OK, that’s all for now. The family and I are rolling through California toward Yosemite. Hope all is well in Bloomington.

6 comments

  1. nice blog chris. how about an article sometime soon about all the former hoosier soccer players currently playing for MLS clubs? enjoy yosemite.

  2. Chris,

    That’s something I’ll definitely work on the MLS story this summer, especially since Columbus has collected so many former Hoosiers.

    Chris

  3. I liked your point about putting an emphasis on education. It seems that it so often takes a back seat to a students athletic talent.

    With the chance to make millions before turning 21 and all the fame and attention that accompanies a successfu athlete throughout his career, there’s no wonder kids grow up wanting to be the next Jordan or McNabb. Everybody knows that top athletes make sports a priority in their life, sacrificing elsewhere to imprtove their skills. The problem with so many young minorities growing up hoping to be the next Jordan or McNabb is that virtually none of them make it. It works out great for the kids that make it pro, but for the other 99.9% that don’t and whose education suffers because of it, their life is worse off. I know anyone can cite a thousand cases where X player came from poverty to play at an elite level and succeeded, but the sad fact is that this almost never happens.

    We should raise the academic standards for student athletes at the high school and collegiate level. Athletics should never take a back seat to sports and when it does it’s a almost always detrimental to the kid involved.

  4. I have been in this discussion on other forums about race in sports, and in the media. My views on race in sports, and in the sports media are fairly simple, don’t mention an athletes race, regardless of the circumstances, and it will not be an issue of race, but an issue of the person it involves. This goes back to the Superbowl, having the first two African-American coaches to lead a team to a Superbowl. Great for the African-American community, interesting story to be wrote on the Monday following the AFC and NFC championship games. By Thursday of week one, I was ready to scream over it, every magazine, news paper, sports commentator on TV was repeating over and over about haveing the first two African-American Suberbowl coaches. It was to a point that there skin color was more important than the values they put forth to their players, long hours spent in an office watching film, evaluating players, and adjusting to what their team needed to succeed. It was no longer about the game, no longer about the sacrafices their families have had to endure, it was all about their race.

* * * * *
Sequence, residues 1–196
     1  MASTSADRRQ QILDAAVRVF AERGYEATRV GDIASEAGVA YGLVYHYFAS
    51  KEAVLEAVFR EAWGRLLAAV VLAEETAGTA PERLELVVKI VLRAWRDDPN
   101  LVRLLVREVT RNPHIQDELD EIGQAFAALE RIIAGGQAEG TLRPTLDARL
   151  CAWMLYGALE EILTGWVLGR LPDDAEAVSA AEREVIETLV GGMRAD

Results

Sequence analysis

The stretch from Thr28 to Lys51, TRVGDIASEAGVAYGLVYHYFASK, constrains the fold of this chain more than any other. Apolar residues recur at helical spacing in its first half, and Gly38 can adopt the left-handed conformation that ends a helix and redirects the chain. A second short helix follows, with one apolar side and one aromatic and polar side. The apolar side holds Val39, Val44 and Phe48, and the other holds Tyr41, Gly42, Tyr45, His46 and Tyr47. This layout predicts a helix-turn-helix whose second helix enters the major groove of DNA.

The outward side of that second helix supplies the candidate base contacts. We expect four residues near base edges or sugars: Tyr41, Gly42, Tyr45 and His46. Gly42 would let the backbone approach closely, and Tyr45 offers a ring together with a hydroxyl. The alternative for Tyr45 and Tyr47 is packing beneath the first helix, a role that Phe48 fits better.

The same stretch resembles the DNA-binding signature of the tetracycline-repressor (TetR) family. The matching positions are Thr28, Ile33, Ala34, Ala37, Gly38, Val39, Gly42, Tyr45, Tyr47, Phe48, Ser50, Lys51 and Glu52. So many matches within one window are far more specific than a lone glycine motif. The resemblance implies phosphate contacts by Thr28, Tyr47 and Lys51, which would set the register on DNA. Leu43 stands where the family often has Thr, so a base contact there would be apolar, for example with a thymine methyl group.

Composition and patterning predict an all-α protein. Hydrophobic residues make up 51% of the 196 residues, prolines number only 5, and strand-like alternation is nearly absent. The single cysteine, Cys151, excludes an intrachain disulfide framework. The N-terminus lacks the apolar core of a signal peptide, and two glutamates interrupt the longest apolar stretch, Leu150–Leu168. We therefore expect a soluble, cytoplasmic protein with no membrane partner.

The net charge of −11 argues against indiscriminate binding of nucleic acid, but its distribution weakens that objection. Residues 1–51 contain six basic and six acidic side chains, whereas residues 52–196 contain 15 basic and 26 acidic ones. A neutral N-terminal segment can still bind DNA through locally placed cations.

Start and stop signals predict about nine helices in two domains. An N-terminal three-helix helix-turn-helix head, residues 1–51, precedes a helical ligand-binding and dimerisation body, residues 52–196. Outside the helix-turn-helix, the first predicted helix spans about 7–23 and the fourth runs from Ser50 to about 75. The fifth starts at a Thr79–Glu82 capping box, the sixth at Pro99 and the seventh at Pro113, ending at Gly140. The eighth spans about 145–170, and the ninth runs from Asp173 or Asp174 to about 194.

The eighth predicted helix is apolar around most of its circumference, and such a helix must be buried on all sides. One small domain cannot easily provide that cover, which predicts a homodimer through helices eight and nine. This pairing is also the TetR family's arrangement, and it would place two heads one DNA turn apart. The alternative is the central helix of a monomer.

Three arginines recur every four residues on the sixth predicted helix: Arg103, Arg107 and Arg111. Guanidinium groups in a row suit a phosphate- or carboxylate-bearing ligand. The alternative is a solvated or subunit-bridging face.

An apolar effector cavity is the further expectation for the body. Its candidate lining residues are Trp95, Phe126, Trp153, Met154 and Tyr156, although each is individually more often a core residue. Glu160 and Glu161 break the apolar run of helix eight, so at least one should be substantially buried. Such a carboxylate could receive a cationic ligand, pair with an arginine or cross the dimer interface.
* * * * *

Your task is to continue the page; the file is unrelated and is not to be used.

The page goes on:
I caught some backlash over this next statment, and I am sure I will on here. In order for racism to decrease, and become non-existent in our country during our life times, different ethnic backrounds can no longer praise a man for his color, but for his achievments as a person. If a African-American coach wins a Suberbowl, or a Hispanic athlete breaks a record in track, what they accomplished to reach that level is what we should talk about, and not their ethnic backround. All races will never be equal until we see all races as equal, and the sports reporting community no longer brings up the race or ethnic backround of an athelete.

    Just my thoughts.

  5. Mike P: I absolutely agree. The statement “the first black coach to win the Superbowl” is racist. Just last evening I was asked in a phone survey whether I was “white” or “Caucasian”. My ancestors are from North America. That makes me a North American. Let ’em figure that out! We’re all members of the “human” race.

Comments are closed.